Fixer Upper star Chip Gaines has opened up about his struggles with depression in his new memoir, Capital Gaines: Smart Things I Learned Doing Stupid Stuff. As reported by Radar Online, Mr. Gaines felt devastated when he was cut from Baylor University’s team during his sophomore year. He writes in his memoir that it had been his dream to play professional baseball, and to be cut from the team hit him “like a sucker punch to the gut.”
“And in the following months, I fell into something I can only describe as a deep depression,” Gaines wrote.
“The only dream I’d ever had was crushed,” he said. “The weight of that held me down for the better part of a year.”
“My problem was that my dream was actually too big for me,” Chip continued. “And when that dream was lost, I was lost too.”
For some time, Chip Gaines spent most of his days holed up in his dorm room to wallow in self-pity, believing that he has no other purpose in life other than to play baseball. Realizing that his self-pity can only take him so far, Gaines eventually snapped out of it.
Before long, Chip and his wife, Joanna Gaines, went on to become successful entrepreneurs after they opened Magnolia Market together.
Their road to success wasn’t easy. As reported by the Daily Mail, the couple could barely make ends meet before they made plans about starring on a TV show together.
Exclusive! Chip Gaines decided to walk away from reality TV just weeks ago: https://t.co/uRj0pGF58l— Radar Online (@radar_online) October 13, 2017
But while the couple achieved overwhelming success through their HGTV show, Chip Gaines had difficulty dealing with the arduous filming schedule. It only made matters worse when he became a Twitter addict. His addiction to the social media platform was such that one tweet from a person he barely knows was enough to ruin his entire day.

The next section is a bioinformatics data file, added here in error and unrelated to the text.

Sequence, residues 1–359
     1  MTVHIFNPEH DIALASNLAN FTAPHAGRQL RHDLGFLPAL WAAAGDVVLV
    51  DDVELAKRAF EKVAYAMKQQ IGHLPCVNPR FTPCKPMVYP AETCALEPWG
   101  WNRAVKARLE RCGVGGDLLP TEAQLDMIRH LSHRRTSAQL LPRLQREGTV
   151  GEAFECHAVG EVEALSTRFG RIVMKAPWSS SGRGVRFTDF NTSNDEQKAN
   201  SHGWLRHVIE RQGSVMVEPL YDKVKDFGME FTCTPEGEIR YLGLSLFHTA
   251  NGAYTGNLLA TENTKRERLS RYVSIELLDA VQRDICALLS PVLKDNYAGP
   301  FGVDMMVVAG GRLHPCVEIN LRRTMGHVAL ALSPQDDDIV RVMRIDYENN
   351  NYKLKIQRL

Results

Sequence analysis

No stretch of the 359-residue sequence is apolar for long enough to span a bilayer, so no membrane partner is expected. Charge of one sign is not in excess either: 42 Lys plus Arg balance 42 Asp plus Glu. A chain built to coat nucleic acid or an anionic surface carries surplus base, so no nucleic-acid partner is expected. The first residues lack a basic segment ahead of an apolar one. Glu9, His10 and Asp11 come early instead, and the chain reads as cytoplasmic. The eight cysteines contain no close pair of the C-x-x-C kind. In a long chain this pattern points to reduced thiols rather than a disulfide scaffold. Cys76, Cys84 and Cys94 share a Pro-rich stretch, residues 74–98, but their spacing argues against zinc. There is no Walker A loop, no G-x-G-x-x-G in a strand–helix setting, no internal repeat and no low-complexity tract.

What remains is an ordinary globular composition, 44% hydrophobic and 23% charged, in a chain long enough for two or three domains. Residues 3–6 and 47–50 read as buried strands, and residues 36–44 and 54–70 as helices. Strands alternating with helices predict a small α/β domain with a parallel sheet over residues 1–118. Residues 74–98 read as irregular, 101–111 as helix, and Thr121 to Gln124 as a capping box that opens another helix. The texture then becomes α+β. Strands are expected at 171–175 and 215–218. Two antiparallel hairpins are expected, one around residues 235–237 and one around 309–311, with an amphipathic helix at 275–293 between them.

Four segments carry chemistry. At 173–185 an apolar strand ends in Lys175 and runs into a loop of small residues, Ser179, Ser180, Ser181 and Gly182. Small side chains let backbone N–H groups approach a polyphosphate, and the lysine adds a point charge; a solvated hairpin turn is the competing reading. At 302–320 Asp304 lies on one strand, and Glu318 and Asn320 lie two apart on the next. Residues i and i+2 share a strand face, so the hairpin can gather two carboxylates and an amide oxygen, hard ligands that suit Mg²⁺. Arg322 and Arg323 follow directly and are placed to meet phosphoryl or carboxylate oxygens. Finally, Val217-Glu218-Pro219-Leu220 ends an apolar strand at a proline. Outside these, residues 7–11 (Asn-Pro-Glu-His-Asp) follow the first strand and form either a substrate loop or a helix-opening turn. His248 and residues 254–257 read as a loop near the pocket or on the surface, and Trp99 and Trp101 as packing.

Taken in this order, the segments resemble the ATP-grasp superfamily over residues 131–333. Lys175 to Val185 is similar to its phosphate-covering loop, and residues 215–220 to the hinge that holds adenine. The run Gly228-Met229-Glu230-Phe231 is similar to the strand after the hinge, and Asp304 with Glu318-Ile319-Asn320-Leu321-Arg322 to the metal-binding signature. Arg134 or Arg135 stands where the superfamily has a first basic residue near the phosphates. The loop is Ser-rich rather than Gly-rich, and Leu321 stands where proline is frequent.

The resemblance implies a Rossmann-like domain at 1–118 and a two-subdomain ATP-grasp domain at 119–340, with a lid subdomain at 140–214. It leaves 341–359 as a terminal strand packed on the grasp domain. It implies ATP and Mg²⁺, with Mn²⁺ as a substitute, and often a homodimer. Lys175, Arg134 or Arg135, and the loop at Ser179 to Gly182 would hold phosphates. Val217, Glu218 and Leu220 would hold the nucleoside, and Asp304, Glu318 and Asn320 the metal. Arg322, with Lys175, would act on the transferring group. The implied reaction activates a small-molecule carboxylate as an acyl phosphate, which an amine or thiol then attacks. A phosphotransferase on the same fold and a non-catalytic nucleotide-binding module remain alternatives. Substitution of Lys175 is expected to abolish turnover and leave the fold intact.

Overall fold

“I swear my tombstone will read ‘Death By Tweet,'” he wrote. “I am a serious Twitter aficionado. Want to make my day? Want to hurt my feelings? All you have to do is tweet at me. Those little 140-character messages can be like a hug or a dagger to the heart.”
Chip Gaines recalled in his memoir that one time when he broke down after a customer tweeted him at 3 a.m. complaining about having not received his Magnolia online order.
“I was up all night dwelling on it,” he said. “And Jo and I were scheduled to film at one of the projects we were working on the next morning, hair combed, by eight o’clock. Midway through our second shot of the day, I started to get this weird, not-good, fuzzy feeling. I thought I must be exhausted or dehydrated or something like that. I found a place to sit down and let my mind settle. But as I was sitting there, all of a sudden I was overwhelmed by a single thought. What am I doing here?”
Not long after that, he decided to end the show.
He and wife announced that Season 5 will be Fixer Upper’s last in a joint blog post published on September 26.
“It is with both sadness and expectation that we share the news that Season 5 of Fixer Upper will be our last,” the couple wrote. “While we are confident that this is the right choice for us, it has for sure not been an easy one to come to terms with. Our family has grown up alongside yours, and we have felt you rooting us on from the other side of the screen. How bittersweet to say goodbye to the very thing that introduced us all in the first place.”
The sudden ending of Fixer Upper is expected to deal a huge blow to HGTV ratings-wise. Chip and Joanna Gaines’ show was the network’s highest-rated program, followed by Flip or Flop. The show’s spin-off show, Behind the Design, is still expected to air this year shortly after the Season 5 premiere of the original show.
[Featured Image by Brian Ach/AP Images]